Amongst socialist and communist authors, similarly – and this is the second, and more interesting, complication – Aristotle’s situation tends to vary depending upon a prior determination of the character of the anti-capitalist movement. In particular, it seems to depend upon how capitalism and anti-capitalism are situated in history. To employ a simplifying schematism, it seems to me that you can force anti-capitalists to answer two questions about history and classify them on the basis of their answers.
Question 1: Is the anti-capitalist movement an attempt to realize a break in history that has already occured at some point in the past?
Question 2: Would the victory of the anti-capitalist movement constitute or presuppose a break in history that is yet to come?
Answers can be plotted in a matrix:
"Modernists" (Hans Blumenberg, Deleuze perhaps, and certainly many Deleuzians, Negri at times) see the struggle against capitalism as the struggle to extend or realize the historical rupture that inaugurated modernity. The problem with capitalism, then, is that it represents a lingering past. Since Aristotle is almost certainly part of this pre-modern past that lingers on and must be overcome, Aristotle is an enemy of modernists. (Marx's exhortation to let the dead bury their dead might be the fountainhead of this progressivism.)
"Catastrophists" (Horkheimer and Adorno anyone?) see history as monotononous and relentless and devoid of promise, and see the overcoming of capitalism as the unprecedented inauguration of something new, a break with all that has come before. (Marx's claim in the 1859 Preface that the end of capitalism will mark the end of pre-history might be read as precedent here.)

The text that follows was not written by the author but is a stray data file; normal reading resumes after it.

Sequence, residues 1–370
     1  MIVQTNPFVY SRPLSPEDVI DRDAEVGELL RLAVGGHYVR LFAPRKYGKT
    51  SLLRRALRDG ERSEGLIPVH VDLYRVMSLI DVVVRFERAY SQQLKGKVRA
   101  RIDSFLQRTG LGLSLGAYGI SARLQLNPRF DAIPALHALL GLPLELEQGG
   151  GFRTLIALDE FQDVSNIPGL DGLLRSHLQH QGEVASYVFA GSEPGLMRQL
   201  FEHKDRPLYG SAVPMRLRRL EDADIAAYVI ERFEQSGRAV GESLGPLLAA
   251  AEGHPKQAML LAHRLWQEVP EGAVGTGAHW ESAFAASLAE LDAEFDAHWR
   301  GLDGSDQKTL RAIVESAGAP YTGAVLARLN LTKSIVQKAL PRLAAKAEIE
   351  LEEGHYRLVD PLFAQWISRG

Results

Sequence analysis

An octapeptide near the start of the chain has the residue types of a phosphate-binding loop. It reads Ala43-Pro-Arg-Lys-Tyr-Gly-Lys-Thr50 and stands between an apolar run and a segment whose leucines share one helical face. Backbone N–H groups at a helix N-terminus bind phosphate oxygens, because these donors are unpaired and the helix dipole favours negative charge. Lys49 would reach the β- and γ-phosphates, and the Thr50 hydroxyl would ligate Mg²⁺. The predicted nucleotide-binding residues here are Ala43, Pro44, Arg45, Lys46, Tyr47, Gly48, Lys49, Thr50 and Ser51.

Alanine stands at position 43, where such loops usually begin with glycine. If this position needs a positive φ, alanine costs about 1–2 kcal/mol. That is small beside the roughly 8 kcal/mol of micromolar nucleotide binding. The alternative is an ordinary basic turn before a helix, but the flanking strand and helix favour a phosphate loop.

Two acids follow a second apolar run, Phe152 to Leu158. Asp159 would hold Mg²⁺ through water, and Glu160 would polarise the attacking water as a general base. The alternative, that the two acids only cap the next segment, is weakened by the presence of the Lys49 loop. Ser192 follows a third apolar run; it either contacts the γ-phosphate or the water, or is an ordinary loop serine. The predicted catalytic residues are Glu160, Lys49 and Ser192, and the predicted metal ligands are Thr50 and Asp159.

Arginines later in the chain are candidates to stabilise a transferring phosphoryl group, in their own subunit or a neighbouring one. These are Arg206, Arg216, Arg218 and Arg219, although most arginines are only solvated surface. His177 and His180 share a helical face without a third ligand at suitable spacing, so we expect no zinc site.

"Dialecticians" (Murray, Meikle, Postone, Arthur, and even Althusser at times) see capitalism as the manifestation of a historical rupture that must itself be suppressed, dismissed, repeated, or otherwise cancelled. The era of capitalism is an interregnum. Use-value romantics reside here, but so do most of the folks I most admire. Not all of them are Catholic, but a rather large percentage are. These are the friends of Aristotle, who was the first to criticize exchange because it abstracts from concrete usefulness.
"Natural Historians" (Virno, Althusser at other times) don't believe in historical ruptures, epochal befores and afters. The break between capitalism and communism is not a break between histories (eras) so much as a break within every history. The field of history is not, on this approach, subject to the sorts of progressions, leaps, or returns that characterize the pro- and anti-modernization stances taken by those situated in the other quadrants of the matrix. Because communism is not a referendum on modernity, Aristotle is not subject to valorization or condemnation for his proto- or anti-modern tendencies. Instead, there is a certain freedom to approach Aristotle – or any other thinker, for that matter – in a non-reductive way. What Virno says of Simondon could be said also of Aristotle: “At a certain point it is necessary to take leave of him and proceed alone (just as we must depart from many other ‘friendly’ thinkers). We do so with gratitude for his help but without nostalgia or regrets.”